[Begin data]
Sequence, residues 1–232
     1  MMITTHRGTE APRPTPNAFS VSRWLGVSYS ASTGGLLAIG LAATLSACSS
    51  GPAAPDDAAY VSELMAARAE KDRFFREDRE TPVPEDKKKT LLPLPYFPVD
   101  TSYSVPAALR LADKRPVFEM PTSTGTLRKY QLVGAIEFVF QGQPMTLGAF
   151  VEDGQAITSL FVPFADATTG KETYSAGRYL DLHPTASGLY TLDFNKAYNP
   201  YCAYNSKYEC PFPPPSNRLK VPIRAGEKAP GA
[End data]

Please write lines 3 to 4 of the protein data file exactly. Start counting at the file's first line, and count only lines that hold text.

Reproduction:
    51  GPAAPDDAAY VSELMAARAE KDRFFREDRE TPVPEDKKKT LLPLPYFPVD
   101  TSYSVPAALR LADKRPVFEM PTSTGTLRKY QLVGAIEFVF QGQPMTLGAF